Well, I’m still all by my lonesome in the Integro world…one project I’m not allowed to talk about is waiting on Zoning, Wolcott finally got its permit so we are full force ahead on MEP:
…and now we’re ramping up new projects. “Ramping up” a project includes getting the sub-contractors in to scope the work, compiling the sub-contractors’ bids and contracts, determining a realistic and efficient schedule, and then presenting my contract to my clients. This process can be surprisingly overwhelming particularly for homeowners who are not avid investors.
So, here are 5 tips for reviewing your GC’s contract:
Note: these tips are primarily for significant renovation projects requiring architectural drawings and permits.
1. Get a detailed Scope of Work
Okay folks, here’s the deal. If the contract is vague, it does NOT work in your favor. Do not leave scope items without detail thinking that you’ll be able to talk your GC into doing more work than anticipated because it wasn’t specifically NOT listed in the contract. That door swings both ways. If you are doing a gut rehab, you want to see words like “all” and “entire”. If you are not doing a gut rehab, you need to individually list every single item (e.g. “Refinishing of two (2) clawfoot tubs”; “Drywall installation for north wall of rear bedroom adjacent to kitchen”).
Furthermore, the contract should include the terms “WORK” and “COMPLETE WORK” – all in capital letters. Then, the contract should define the terms “WORK” and “COMPLETE WORK”. These terms convey the intent for a complete, functional installation. Basically, if you hire Amelia Bedelia GC to install a furnace, you are expecting Amelia Bedelia GC to provide an igniter for that furnace to run and it should not be an extra cost. A good definition should say something like:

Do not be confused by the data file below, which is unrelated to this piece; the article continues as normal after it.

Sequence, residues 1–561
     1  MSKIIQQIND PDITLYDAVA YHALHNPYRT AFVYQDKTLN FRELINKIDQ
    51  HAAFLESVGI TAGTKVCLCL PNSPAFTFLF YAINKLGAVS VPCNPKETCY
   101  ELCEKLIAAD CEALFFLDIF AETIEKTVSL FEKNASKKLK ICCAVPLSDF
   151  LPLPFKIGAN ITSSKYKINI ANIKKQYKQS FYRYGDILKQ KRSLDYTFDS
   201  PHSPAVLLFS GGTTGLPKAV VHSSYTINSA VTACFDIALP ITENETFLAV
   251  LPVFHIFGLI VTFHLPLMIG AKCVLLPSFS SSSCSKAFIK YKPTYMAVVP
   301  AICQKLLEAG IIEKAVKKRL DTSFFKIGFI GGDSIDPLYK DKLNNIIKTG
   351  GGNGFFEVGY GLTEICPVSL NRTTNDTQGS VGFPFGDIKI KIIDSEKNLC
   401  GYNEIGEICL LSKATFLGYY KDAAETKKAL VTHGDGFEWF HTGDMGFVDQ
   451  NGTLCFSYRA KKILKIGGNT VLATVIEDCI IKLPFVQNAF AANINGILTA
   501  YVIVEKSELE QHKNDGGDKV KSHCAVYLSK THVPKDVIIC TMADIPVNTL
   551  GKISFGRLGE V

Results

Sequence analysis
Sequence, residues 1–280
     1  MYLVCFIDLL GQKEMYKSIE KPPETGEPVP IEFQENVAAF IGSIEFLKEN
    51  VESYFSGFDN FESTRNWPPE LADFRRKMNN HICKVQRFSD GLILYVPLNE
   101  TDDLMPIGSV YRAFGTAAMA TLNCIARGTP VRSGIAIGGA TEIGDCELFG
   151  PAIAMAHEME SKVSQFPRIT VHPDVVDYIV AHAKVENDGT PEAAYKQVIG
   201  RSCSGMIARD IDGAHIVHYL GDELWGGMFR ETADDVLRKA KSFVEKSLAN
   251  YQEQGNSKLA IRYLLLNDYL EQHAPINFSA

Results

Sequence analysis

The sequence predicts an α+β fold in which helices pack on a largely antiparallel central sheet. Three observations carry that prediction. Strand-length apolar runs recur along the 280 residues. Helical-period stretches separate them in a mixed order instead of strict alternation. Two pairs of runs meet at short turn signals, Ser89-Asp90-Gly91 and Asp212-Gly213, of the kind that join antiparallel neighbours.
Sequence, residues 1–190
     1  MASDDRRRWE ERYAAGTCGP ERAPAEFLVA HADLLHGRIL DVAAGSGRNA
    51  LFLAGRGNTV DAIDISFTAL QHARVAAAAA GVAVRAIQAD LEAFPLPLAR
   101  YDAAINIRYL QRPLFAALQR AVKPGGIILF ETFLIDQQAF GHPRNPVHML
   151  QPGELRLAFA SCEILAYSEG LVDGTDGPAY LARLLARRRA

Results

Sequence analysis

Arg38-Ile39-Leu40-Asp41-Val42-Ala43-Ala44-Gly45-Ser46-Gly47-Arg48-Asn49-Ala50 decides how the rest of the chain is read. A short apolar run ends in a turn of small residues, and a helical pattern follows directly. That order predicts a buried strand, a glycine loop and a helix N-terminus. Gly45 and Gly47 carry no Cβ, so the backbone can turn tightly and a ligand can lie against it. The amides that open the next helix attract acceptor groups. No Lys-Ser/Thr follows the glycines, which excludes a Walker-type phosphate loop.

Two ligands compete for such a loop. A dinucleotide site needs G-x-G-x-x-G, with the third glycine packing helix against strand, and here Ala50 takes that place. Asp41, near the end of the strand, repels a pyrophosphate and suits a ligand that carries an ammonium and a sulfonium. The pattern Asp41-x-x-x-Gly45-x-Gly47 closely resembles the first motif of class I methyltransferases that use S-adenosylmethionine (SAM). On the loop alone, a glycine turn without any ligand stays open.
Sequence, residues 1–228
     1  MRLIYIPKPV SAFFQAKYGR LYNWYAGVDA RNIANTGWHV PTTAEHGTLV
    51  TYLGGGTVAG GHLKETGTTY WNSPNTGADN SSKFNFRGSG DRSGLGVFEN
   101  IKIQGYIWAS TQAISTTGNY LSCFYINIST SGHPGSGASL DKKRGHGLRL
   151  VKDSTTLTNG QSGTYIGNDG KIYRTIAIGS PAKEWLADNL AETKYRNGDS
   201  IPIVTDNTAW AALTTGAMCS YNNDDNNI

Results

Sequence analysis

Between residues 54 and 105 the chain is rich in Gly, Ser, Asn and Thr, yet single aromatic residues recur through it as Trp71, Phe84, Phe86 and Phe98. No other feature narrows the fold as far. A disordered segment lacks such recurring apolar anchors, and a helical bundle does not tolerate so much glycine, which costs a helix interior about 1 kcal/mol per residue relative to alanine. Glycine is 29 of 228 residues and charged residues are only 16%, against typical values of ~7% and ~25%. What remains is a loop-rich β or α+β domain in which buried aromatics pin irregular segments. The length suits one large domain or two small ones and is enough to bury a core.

“COMPLETE WORK: All work that is reasonably required for a complete and functioning installation. This includes all materials, components, labor and utilities required for a complete, functioning and warrant-able installation.”
It’s worth mentioning that functional installation is limited. You need an igniter in order for a furnace to work; therefore, a “COMPLETE WORK” reference should solve any qualms. If you want base trim and crown moulding included in Millwork, this is not where a reference to “COMPLETE WORK” makes your case. If you want to ensure crown moulding is included, then you need to…
2. Get a detailed list of Exclusions
A great way to keep the Scope of Work honest is to require a detailed list of what is not included – is the purchase of trim and crown molding included? is installation of trim included, but not crown molding? – is installation of low voltage (cable and internet) included? – how about final cleaning?
3. Review the Allowances
Some GC contracts will include Allowances for certain finishes. For example, my contract includes Allowances for kitchen appliances, plumbing fixtures (faucets, tubs…), tile, and cabinetry. Usually, Allowances are for items that the GC can get you discounts for purchasing through their suppliers. This is a good time to ask one of those qualifying questions I mentioned in my last post about suppliers! Make sure Allowances are direct costs – if you have an allowance for $10,000 for plumbing fixtures and only purchase $6,500 in tubs and faucets then you should reap those savings, not your GC.
4. Include Contract Documents
Specifically, your architectural drawings. Pictures say a thousand words and nothing is more detailed to reference in a contract than architectural drawings. Having said this, I’m going to tell you a secret: the scope will eventually need to differ from the architectural drawings on some level. This is because drawings are 2D and construction is 3D. The point of architectural drawings are to identify the end goal and the end goal is what your hard earned cash is going towards.
5. Review the Change Order Process
Face it, you’re not done when the contracts are signed. There is always something. Whether it’s the inspectors adding scope, structural items that need to be addressed, or you getting excited and adding on design flourishes – change orders will come into effect. Specifically, you need to determine whether change orders need to be approved verbally or written. You need to determine if “in writing” includes email or not (I require that email authorization is acceptable, verbal authorization is not).
Sebastian’s back next week!
*A big thanks to David J. Henebry at Dewberry for his contractual input on this!